The truth is, part of the trust of the media does involve how well the media's reporting reflects the narrative widely understood and accepted by its consumers. This is probably why the press in other countries enjoys more "trust", such as Europe, where 47% to 62% of respondents (depending on vehicle of delivery) indicated trust in the press.

Some in the American press will and have argued that their job is to report "objectively" on stories and not reflect their audience's biases. They have, in fact, incorporated their own myth of "objectivity", "truth", "independence" and "responsibility of the free press" into their ideal of a "free press" when in fact the second, and possibly largest problem damaging the "trust" of their audience is that the media entities and individual reporters continue to claim that they are objective when they are not; claim that they are reporting the "truth" when they have not or have omitted truth for whatever reason; insist their reporting is "free and independent" when it cannot be under every state government or situation; when they claim that their responsibility as a free press is to provide an independent "check" against powerful entities such as the government or corporations or even other states when they are in fact only the vehicle for information and it is the citizens of the state (arguably only free states) that are the check on these powers through voting, free market and free association; and when they declare that their job is to provide transparency of powerful entities yet they are perceived as a powerful entity without similar transparency of its own practices, the ideas that it claims to represent become a self perpetuated myth.

This self induced myth the media or press has perpetrated on itself is the reason that, in a free market with many competitors, many of the “grand ol’ press” have seen their ratings and revenues decrease. Consumers shop for products that best suit their needs and enhance their lives, not necessarily for products that marketers think the consumer should buy. In fact, consumers no longer see the press as simply a useful tool in making informed decisions, but, being treated as uneducated, uninformed and easily duped consumers that will buy anything, has caused them to apply the maxim: “buyer be ware”.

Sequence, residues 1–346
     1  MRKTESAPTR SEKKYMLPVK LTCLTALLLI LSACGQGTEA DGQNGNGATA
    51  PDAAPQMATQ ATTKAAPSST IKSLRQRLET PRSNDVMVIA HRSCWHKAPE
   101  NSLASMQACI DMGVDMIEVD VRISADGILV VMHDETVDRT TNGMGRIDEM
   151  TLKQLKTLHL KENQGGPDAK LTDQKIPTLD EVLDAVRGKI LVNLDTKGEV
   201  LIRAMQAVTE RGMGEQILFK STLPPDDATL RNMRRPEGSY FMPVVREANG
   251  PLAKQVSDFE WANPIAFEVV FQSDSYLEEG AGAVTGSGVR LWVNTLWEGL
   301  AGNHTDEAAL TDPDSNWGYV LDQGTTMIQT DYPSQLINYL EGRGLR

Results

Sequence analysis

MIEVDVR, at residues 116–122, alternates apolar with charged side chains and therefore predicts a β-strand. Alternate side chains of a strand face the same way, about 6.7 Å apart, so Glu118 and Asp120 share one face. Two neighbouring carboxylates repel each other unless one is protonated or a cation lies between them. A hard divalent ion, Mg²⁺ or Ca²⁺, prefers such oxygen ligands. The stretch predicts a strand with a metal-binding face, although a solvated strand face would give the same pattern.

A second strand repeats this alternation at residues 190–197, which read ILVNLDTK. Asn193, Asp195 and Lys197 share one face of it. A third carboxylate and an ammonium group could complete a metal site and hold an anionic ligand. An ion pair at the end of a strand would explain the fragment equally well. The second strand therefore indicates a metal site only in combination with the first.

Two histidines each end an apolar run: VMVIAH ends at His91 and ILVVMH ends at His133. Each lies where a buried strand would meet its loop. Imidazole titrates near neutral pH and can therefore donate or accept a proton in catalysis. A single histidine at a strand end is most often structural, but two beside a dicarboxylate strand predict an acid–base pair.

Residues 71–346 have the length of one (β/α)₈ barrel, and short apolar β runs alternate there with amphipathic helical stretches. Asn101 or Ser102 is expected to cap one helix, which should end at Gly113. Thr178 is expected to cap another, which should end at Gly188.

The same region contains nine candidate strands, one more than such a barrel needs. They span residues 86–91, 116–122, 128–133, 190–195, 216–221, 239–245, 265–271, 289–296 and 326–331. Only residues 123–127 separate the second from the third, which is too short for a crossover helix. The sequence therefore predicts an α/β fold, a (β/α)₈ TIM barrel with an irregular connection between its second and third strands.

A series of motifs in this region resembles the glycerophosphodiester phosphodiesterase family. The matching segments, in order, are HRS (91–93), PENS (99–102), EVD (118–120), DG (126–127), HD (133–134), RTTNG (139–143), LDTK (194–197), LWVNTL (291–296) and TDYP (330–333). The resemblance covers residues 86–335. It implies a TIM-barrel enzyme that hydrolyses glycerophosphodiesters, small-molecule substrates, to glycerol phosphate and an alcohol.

Protection of the press is directly related to its location

The truth is, media entities and reporters only operate as a “free press”, protected and without arbitrary interference by the government (or any government) when they operate within the borders of a state that actually has laws that guarantee freedom of the press and that press is incorporated in or operates mainly from that state. Even within states that do provide for protection of the press, it does not stand to reason that a state must allow press agencies or reporters from other countries to operate within their borders. Particularly when those same entities are not free and may even be an arm of the hostile state. More so if that state is hostile to or engaged in hostilities with the free state protection of the press is null and void. No state may be induced to fore go its national security for the idea that any other press than the state’s own is free to operate inside the country.

It’s true that reporters from other countries, even hostile countries, operate and report from inside the United States. This is partly due to the “free press” idea, but also as a way to send information, even if it is cut and biased, into the other country either to convey information or to evaluate how that information is portrayed or used in the state. Such evaluation can provide valuable information about the condition or position of that state.

The further away from its state of origin that the press or a reporter operates, the less they can assume protection. It is the very reason that many entities and reporters self-impose editing. When reporting in or about other free states, particularly those that the press entity’s home nation or state has friendly relations, the more likely their freedom will be protected. This protection is not predicated on the laws of the state so much as the umbrella of protection provided by the power of their home nation/state. As the degree of freedom and association of the host country degrades, the less the press can assume protection. In chaotic, anarchic states, protection begins and ends with whatever protection the non-state actors will provide the press or that the press can provide for themselves. The same protection can turn on a dime. This degradation of protection is the reason many in the press have attempted to form an over all narrative of objectivity and non-bias, extending beyond the localized matters of their state, in some respects, rejecting their nationality as a definitive label.